Today the U.S. versions of the Samsung Galaxy S5 are your typical LTE devices when it comes to network speeds, but in the next year they could become speed demons. Samsung is introducing to its U.S. flagship phones a technology called carrier aggregation, potentially doubling their speeds. The catch is that you’ll have to wait until U.S. operators actually bring these new aggregated networks online.
You can think of carrier aggregation as duct taping two LTE transmissions in together, allowing devices to send and receive data on two different LTE networks simultaneously. Samsung started offering carrier aggregation on the later versions of the Galaxy S4, but they were only available in a handful of countries like Korea and Australia where the new souped-up networks had already gone live.
But in a hands-on session with the S5 at Samsung’s booth at Mobile World Congress, Samsung Telecommunications America director of product planning Drew Blackard told me there would be some U.S. support for carrier aggregation on the S5 this year thanks to Qualcomm’s new LTE modems. Blackard didn’t reveal which carriers and when, saying Samsung would announce those details later.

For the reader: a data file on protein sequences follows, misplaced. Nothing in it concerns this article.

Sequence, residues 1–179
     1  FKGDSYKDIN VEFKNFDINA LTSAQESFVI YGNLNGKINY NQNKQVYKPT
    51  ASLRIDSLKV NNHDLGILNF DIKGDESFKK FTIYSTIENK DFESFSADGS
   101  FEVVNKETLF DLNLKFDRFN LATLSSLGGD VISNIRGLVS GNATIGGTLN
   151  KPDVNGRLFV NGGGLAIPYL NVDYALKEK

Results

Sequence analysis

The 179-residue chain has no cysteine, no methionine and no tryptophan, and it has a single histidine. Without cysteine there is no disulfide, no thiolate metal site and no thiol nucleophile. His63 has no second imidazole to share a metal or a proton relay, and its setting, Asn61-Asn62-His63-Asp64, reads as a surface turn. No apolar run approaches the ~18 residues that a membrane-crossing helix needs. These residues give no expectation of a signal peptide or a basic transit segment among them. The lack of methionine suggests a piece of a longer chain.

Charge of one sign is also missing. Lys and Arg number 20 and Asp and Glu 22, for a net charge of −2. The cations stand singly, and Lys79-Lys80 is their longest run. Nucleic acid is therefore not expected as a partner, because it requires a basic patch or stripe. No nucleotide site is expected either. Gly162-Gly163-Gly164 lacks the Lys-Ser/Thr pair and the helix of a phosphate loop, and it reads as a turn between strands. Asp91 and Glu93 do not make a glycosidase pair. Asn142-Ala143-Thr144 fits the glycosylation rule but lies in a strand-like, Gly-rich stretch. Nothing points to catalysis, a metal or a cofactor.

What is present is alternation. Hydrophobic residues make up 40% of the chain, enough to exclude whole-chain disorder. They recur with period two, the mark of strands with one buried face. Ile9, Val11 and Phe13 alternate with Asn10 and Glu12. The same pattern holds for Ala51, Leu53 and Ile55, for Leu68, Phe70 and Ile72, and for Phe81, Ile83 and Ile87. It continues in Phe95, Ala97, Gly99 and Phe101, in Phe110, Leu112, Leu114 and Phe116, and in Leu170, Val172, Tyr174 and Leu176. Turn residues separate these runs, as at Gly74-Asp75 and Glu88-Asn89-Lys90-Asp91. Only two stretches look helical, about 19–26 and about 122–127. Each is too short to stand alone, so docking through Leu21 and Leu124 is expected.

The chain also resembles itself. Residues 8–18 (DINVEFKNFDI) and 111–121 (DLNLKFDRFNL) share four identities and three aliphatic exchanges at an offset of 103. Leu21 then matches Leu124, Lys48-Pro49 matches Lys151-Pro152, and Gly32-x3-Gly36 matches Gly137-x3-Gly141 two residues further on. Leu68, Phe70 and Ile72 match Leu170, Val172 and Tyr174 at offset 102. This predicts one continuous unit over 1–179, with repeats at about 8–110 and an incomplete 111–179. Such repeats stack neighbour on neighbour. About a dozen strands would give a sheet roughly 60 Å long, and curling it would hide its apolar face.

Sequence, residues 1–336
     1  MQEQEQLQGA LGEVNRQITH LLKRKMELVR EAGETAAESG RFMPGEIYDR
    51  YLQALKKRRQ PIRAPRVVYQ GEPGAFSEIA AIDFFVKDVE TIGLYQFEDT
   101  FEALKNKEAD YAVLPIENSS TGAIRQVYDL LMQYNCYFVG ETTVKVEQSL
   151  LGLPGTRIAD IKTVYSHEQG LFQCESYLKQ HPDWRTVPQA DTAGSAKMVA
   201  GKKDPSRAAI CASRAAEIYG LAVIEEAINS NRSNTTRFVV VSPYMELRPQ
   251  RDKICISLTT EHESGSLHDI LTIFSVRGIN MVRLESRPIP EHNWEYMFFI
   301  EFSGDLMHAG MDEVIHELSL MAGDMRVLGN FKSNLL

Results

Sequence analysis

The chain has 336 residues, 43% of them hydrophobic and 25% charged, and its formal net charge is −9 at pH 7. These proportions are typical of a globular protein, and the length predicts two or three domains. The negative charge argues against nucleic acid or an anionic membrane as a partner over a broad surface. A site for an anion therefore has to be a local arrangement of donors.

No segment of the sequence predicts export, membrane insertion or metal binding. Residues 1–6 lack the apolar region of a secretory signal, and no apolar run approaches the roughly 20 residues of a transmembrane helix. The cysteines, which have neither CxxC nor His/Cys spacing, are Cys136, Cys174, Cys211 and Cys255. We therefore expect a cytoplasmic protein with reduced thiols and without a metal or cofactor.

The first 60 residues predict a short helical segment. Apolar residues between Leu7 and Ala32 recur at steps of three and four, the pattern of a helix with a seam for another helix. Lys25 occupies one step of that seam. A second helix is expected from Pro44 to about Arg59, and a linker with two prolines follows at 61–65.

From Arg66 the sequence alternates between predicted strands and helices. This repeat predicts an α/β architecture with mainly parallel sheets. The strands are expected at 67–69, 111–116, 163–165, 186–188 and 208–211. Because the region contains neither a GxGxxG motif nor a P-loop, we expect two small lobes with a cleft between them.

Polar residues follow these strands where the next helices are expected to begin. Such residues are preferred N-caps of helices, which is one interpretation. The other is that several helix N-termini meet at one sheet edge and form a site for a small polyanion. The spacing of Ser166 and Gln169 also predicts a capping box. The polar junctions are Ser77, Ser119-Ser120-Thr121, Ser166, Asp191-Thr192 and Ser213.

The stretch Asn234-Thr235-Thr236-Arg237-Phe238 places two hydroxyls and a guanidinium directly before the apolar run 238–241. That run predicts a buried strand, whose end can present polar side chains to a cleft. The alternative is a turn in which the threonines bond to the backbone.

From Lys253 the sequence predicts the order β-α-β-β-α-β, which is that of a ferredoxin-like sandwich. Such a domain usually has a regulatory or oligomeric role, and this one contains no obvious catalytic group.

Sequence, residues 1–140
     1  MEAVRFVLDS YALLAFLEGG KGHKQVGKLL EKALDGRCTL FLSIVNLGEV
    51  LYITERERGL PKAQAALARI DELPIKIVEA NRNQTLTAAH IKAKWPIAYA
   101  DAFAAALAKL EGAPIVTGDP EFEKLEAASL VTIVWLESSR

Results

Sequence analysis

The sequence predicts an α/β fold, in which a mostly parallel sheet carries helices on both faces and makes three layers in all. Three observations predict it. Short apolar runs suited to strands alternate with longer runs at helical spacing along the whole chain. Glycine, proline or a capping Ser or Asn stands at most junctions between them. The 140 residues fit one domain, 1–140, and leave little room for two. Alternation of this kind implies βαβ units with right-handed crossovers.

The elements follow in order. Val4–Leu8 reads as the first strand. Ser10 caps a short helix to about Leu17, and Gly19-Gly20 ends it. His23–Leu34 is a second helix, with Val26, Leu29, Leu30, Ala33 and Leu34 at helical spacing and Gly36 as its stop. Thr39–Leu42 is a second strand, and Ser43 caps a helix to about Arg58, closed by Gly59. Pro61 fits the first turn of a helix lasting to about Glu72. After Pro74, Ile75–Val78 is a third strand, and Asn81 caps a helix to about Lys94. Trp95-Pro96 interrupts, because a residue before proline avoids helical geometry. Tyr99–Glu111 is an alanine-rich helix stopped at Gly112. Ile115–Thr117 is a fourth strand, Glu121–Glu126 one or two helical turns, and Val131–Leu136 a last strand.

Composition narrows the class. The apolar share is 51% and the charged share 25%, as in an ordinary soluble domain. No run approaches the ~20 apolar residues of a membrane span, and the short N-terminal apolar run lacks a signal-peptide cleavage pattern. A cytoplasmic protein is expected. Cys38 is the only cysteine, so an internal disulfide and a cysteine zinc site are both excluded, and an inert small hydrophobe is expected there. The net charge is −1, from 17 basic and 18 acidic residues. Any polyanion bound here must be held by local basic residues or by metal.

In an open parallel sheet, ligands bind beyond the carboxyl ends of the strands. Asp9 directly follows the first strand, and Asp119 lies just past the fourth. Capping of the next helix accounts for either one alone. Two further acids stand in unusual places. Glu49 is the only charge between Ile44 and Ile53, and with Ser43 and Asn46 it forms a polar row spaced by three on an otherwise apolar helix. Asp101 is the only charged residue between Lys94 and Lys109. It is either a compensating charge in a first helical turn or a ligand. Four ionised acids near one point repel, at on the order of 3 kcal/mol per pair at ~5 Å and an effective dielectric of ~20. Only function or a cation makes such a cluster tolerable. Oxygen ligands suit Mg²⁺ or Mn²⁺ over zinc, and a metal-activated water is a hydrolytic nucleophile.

Most likely Sprint or AT&T will be the first, and theoretically at least, such networks could support speeds of 150 Mbps. In the second half of 2015, Sprint will begin adding carrier aggregation to its new Spark network, splicing together 40 MHz of spectrum in the 2.5 GHz band and doubling the speeds of its current network.
Verizon Wireless already has networks in many big cities that support 150 Mbps speeds without carrier aggregation, and T-Mobile is in the process of building out a footprint in major markets with similar capabilities. The S5 should be able to tap those speeds easily. By using carrier aggregation, though, both carriers could boost speeds in cities where they lack the spectrum to build full 40 MHz networks.
We’re going to see some considerable speed and capacity increases on our LTE networks in the next year two as the mobile industry delves deeper into LTE-Advanced’s bag of tricks. While carrier aggregation boosts speeds by layering on more spectral bandwidth, a new generation of chips are emerging that will actually double the spectral efficiency of LTE. Essentially carriers will be able to shove twice as many bits into same-sized pipes.
At MWC, Qualcomm, Samsung, SK Telecom and Korea Telecom demoed that new technology, known as category 6 LTE, sending a 300 Mbps transmission to a modified Galaxy Note 3.